“I like this yellow,” says Marian Bijlenga, examining Double Grid, a configuration of dark blue furry disks, their centers scribbled with golden stitches. “This piece is made of dots but the first thing you see is the grid in between the dots.”
“She has this magical way of making you see what’s not there,” adds Sara Oka, the museum’s curator of textiles, and curator of this exhibition.
A few days before the opening of Constellation—drawing in space, we are in the textile gallery taking a break before the installation team returns to adjust the lighting. The day before, Bijlenga meticulously hung all 15 works in the exhibition herself, affixing each composition a few inches from the wall with tiny pins. With the right lighting, each collection of objects appears almost as if floating against the wall. “Shadow is always part of the work,” she explains.
The eight large “samplers” on the ‘Ewa wall of the gallery are arranged chronologically from left to right. “The first work that is here started in 1990,” says Bijlenga, pointing to Sampler II- 1990-1995. “The sampler pieces are archives, made of all my leftovers from a certain period. When you make a piece you always have leftovers of ideas, some of them are also where I started new ideas. These pieces are my own collection, they are not for sale—it’s my archive.”
Needlework or sewing samplers were used to show examples of different types of stitching patterns or lettering for needleworkers to follow, common in Europe as early as the 16th century. Later they became used more decoratively, or to demonstrate stitching skills.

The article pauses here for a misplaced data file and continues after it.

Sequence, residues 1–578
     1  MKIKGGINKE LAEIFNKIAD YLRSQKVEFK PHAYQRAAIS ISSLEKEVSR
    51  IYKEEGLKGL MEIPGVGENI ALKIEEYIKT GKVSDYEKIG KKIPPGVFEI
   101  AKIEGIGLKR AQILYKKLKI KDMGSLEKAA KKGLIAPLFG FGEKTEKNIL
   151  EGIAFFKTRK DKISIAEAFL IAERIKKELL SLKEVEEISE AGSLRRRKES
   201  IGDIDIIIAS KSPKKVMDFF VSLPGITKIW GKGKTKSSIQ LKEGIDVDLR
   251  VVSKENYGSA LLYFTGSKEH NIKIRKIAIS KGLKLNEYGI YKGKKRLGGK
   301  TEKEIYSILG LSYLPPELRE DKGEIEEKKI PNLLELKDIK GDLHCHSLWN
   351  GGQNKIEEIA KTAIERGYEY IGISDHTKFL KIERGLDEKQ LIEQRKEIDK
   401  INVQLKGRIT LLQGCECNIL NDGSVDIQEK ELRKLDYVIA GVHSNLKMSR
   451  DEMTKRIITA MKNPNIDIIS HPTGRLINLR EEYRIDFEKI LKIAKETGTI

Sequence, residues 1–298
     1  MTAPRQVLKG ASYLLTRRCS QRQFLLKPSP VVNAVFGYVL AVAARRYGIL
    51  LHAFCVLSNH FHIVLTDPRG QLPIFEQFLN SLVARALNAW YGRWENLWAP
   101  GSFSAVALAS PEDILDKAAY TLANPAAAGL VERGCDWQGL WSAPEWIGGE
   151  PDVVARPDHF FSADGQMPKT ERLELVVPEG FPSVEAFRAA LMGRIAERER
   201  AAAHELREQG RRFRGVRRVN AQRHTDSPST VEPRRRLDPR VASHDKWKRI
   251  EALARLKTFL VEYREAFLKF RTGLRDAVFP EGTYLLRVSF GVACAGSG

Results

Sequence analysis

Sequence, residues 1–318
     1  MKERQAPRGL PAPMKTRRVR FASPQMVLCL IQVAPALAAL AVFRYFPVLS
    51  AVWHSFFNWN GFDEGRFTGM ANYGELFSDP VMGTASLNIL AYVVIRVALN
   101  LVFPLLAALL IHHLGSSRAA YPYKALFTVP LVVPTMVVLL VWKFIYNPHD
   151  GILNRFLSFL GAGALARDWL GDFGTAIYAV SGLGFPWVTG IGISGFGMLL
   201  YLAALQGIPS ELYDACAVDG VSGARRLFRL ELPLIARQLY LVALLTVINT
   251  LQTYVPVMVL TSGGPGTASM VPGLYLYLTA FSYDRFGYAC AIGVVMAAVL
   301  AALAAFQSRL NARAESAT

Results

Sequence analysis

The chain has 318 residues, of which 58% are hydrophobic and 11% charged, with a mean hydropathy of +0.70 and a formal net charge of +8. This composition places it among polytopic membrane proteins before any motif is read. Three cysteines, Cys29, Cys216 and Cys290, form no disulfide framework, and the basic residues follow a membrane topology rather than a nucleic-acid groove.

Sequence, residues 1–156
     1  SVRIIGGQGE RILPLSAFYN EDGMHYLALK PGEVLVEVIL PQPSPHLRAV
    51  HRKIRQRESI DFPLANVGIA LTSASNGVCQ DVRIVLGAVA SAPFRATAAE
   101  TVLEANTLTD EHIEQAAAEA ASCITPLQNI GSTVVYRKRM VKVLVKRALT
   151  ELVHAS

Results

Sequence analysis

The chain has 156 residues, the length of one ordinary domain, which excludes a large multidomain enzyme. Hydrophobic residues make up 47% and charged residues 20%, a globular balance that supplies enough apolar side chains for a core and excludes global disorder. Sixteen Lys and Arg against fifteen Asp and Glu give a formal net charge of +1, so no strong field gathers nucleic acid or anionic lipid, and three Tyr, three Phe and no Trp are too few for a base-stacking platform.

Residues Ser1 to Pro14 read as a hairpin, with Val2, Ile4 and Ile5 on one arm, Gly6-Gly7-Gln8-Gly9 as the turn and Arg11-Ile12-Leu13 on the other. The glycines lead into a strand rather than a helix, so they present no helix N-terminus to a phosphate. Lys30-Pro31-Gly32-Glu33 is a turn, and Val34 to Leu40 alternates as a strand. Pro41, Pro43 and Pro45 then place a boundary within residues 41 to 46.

Of her samplers Bijlenga says, “These are all structures that I use to make a bigger piece. That piece [Sampler VIII- 1997-1998] is inspired by knots, and that piece [Sampler X- 1999-2002] has faces in it. In that period I made some real figurative works with faces.” She walks down the row of delicately arranged collections of shapes, sewn together with barely visible webs of monofilament. “After, I started to make these small things—ideas for new pieces.”
Bijlenga began making these sculptural tapestries or “spatial drawings” in the 1980s out of fabric and glue, before switching to horsehair in the 1990s. In 2007, during a residency in Iceland, she discovered an abundance of discarded fish scales in a fish leather factory and has been working with them ever since.
“I guess I could make a sampler now of all the fish scales,” she says, “but I’ve used them all!”
The smaller works in the exhibition feature elements that can also be found in many of Bijlenga’s samplers—look for the fish scales in Sampler XVI- 2012.
“I think samplers are so nice to show,” says Bijlenga. “Even I find pieces in the samplers that I have forgotten—I have worked for 35 years and sometimes I’m amazed by things I did 20 years ago. A piece of old work or newer work. It’s a miniature yearbook.”
Constellation—drawing in space by Marian Bijlenga is on view until August 4.